Common Patterns Found in Damascus Steel
Damascus steel is a fascinating example of armament artistry — and a craft that has been mislabeled for hundreds of years. Its name owes to the Crusaders encountering it as they faced their Saracen foes, who wielded blades that displayed a greater strength, flexibility, and (most importantly for purposes of our discussion) beauty. These swords hailed from Syria in general and the city of Damascus in particular, and they derived their moniker from it. But did you know that the technique which gave us Damascus steel was also used in Japan, having migrated east during the 14th century?
No matter the niceties of its origin, knives made of Damascus steel are prized today for both their physical characteristics and their otherworldly designs. In this article, we’ll describe how Damascus steel gets made and the most common patterns that artisans work into it.
What Is Damascus Steel?
Have you ever sunk your teeth into a fresh croissant or bit into the rust of a hot-from-the-oven slice of genuine Chicago-style pizza? If so, you know that both dishes get their delicate, flaky feel from the lamination of butter into the dough, lots of extremely thin layers getting folded back onto each other again and again and again. That’s exactly what happens with Damascus steel.
How does it work? Originally, artisans in the Middle East would forge a specific kind of carbon-rich iron that originated in India in a crucible at varying heat levels, working it and reheating it time and again. This method required not only a very specific kind of metal, but also a careful eye toward avoiding higher temperatures, which would destroy the desired patterns. While some today use this method, most employ a process known as pattern wielding.
Pattern wielding starts with smiths stacking multiple layers of carbon-rich steel together. (Some kinds may also include trace amounts of nickel, silicon, manganese, sulfur, and phosphorous.) Next, the smith heats the forge fires to a lower than normal temperature, typically no higher that 2,000 °F. When making steel, most forges register closer to 3,000 °F, but today’s steel has a low carbon content, whereas Damascus steel contains up to 1.8 percent carbon. Hotter temperatures would cause that carbon to burn, destroying the desired effect.
As the iron heats and begins to burn, the smith adds borax or sand to it, creating a protective layer that prevents oxidation of the heated carbon. The layers are then hammered and folded before getting forged again. Every time this process transpires, the number of folds in the steel doubles, and the number of original layers used ranges from two to five. This rapid multiplication of layers followed by an acid-etching process causes the steel’s nickel content to take on a bright silver tone and its manganese content to darken. This leads to the distinctive patterns for which Damascus steel is renowned today.
Those patterns are the subject of our next section. By altering the steel-manipulation process in various ways, smiths can create distinctive patterns in Damascus steel.
What Are the Most Common Damascus Patterns?
Over time, specific variations have developed, recognizable variants that can be identified and requested if the smith follows certain methods. In this section, we’ll describe the seven most common Damascus steel patterns and how you achieve them.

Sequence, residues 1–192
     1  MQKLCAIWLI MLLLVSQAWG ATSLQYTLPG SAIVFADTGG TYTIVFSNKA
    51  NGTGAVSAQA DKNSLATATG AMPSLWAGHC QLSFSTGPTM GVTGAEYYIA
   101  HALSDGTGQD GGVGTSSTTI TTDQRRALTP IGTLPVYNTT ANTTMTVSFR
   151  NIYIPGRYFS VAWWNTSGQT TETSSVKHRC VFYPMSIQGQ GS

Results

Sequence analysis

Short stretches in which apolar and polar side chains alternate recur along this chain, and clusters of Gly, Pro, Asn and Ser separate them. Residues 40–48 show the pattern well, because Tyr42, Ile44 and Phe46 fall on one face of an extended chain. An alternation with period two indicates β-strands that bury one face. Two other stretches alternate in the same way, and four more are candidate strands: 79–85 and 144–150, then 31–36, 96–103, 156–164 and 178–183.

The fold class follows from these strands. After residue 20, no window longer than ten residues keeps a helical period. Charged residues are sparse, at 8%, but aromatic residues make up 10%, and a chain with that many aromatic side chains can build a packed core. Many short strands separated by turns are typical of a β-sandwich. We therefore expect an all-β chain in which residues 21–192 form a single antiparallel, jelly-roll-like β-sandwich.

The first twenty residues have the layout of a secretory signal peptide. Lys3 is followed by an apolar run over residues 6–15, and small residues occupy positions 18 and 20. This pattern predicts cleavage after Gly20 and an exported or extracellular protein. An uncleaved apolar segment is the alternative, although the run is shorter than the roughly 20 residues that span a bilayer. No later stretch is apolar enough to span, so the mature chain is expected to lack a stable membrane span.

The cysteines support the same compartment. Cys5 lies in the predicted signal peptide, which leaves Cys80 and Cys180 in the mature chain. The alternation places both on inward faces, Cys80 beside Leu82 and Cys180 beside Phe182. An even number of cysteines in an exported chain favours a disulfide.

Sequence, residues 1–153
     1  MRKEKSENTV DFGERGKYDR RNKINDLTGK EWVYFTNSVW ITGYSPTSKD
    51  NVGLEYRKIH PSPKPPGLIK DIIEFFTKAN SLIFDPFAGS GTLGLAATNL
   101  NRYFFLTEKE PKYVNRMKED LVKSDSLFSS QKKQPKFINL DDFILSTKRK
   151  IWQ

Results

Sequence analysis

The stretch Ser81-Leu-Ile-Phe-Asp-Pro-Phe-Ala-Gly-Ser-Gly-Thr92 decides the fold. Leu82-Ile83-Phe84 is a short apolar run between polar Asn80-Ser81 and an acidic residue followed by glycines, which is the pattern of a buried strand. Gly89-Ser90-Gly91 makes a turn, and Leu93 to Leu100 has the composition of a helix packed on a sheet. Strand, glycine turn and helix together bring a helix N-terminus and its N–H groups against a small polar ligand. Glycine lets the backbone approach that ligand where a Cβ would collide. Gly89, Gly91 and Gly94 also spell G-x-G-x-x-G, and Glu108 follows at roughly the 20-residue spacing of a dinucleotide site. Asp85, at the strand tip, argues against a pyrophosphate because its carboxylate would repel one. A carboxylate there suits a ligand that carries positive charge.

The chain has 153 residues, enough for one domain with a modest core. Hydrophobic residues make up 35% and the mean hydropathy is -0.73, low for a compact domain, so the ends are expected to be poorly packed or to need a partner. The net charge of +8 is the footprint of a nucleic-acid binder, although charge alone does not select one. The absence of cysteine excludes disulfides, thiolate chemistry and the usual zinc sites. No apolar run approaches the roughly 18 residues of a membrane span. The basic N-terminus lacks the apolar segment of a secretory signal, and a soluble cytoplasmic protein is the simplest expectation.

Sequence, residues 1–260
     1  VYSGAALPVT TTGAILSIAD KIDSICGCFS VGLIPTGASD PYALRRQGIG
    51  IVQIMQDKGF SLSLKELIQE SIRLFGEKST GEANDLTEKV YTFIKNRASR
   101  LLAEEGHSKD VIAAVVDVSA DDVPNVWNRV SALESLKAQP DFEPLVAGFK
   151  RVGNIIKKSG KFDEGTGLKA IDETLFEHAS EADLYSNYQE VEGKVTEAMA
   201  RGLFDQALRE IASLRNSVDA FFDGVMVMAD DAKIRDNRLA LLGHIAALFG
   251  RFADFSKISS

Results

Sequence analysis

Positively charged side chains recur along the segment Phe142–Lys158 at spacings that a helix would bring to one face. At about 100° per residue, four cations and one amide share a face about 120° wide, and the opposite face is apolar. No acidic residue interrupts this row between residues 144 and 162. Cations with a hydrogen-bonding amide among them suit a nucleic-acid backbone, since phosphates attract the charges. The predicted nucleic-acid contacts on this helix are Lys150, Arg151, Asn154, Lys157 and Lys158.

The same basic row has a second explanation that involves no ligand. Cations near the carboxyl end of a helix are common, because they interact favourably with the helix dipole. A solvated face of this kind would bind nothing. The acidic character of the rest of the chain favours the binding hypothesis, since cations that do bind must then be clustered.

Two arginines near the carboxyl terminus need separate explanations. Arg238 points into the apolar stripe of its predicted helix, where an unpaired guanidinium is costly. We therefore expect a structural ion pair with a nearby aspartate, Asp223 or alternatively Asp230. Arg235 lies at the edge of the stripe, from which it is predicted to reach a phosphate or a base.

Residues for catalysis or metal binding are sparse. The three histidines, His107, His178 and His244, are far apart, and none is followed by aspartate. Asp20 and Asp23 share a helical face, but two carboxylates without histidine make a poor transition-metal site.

Believe it or not, randomly folding the steel layers during the forging process creates a recognizable pattern. In fact, it’s the one that most people think of when they conceptualize Damascus steel. The pressures and heat inherent in the forging process create swirls and whorls and waves that look vaguely like an oil slick on water.
Like the names of most Damascus steel patterns, this category describes that the pattern looks like. Feather-style Damascus steel has a straight line down its middle from which curl feathery fronds. Smiths achieve this effect by welding together different pieces of Damascus steel and then stretching them. The weld forms what looks like a quill on a real-life feather.
Twist patterns produce regular striated ripples on the steel, and it’s not hard to understand how they’re made. During the forging process, the smith twists the metal at a particular angle and with a certain degree of force, which determines the final look of the steel. Sometimes this pattern is called the mosaic pattern.
One of the more striking Damascus patterns, ladder steel features parallel striated lines that run the length of the bar much like rungs on a ladder. Craftsman achieve this effect by pounding a second slimmer piece of steel into the original bar, then grinding it down. Many consider this one of the easier Damascus patterns to achieve.
Imagine a topographical map of an area stippled with lots of small hills, each ring revealing the rough height and depth of the surrounding countryside. That’s how raindrop-pattern Damascus steel looks. Its surface seems speckled by rings of alternating light and dark metal. The technique used in its creation is similar to that in the ladder pattern. Smiths press dimples into the hot steel and then grind it smooth once it cools.
The cable style looks somewhat similar to twisted Damascus, but it’s formed in a significantly different way. Rather than twisting piece of steel together while its hot, smiths cut cabled strips, heat them, and pound them until they’ve joined. This pattern requires careful attention by the smith so that it doesn’t unravel during the forging process.
Our final pattern is actually a subset of the twist pattern. However, instead of turning the steel, it gets cut into squares, stacked, forged, cut again, and then welded into a solid bar. This results in a regular, repeating spiderweb pattern all across the steel.
We have several different kinds of Damascus OTF available here at TacKnives. Check out our selection!